Fixed-term contracts in research: "You only get to the top of the world if you have time"

Presse/medie

Beskrivelse

Antonia Scholkmann shimmied from temporary contract to temporary contract at German universities for twelve years. Now she has a permanent position as a professor in Denmark - and says she is more productive than ever.

Emne

On Twitter, the hashtag #IamHanna collects stories of academics who struggle through six-month contracts and have to move every six months. While many teachers are tenured, university lecturers shimmy from one fixed-term contract to the next. The law behind this is the Wissenschafts-Zeitvertrags-Gesetz (WissZeitVG). Researchers may be employed at a university on a fixed-term basis for a total of twelve years if they are working towards a doctorate or habilitation, or are simply conducting research. Actually, the law was supposed to force universities to make fixed-term contracts permanent. De facto, however, the twelve-year limit means an abrupt end to the careers of many who do not get a permanent position.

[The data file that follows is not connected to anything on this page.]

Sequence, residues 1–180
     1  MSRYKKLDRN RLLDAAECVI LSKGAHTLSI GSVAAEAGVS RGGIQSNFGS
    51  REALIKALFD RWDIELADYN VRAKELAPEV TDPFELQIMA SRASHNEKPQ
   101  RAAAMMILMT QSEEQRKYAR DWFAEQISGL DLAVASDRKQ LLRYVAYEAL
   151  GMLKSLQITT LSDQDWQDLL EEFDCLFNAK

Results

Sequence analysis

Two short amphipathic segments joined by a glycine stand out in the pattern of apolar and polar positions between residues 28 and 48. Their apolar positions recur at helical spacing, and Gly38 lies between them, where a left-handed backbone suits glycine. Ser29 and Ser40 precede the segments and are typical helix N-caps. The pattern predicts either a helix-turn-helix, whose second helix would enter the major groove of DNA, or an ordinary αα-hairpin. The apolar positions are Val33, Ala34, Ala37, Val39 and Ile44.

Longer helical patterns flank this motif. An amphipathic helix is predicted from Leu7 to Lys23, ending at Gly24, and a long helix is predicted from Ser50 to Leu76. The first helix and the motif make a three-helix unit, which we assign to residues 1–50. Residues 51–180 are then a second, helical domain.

In an explanatory video by the Federal Ministry of Education and Research from 2018, the principle is justified in this way: Fixed-term contracts promoted innovation and prevented the system from becoming clogged. Antonia Scholkmann, 47, researches teaching and learning at universities and is now a professor in organisational learning at Aalborg University in Denmark. She disagrees with this thesis.

Periode15 jun. 2021

Mediebidrag

1

Mediebidrag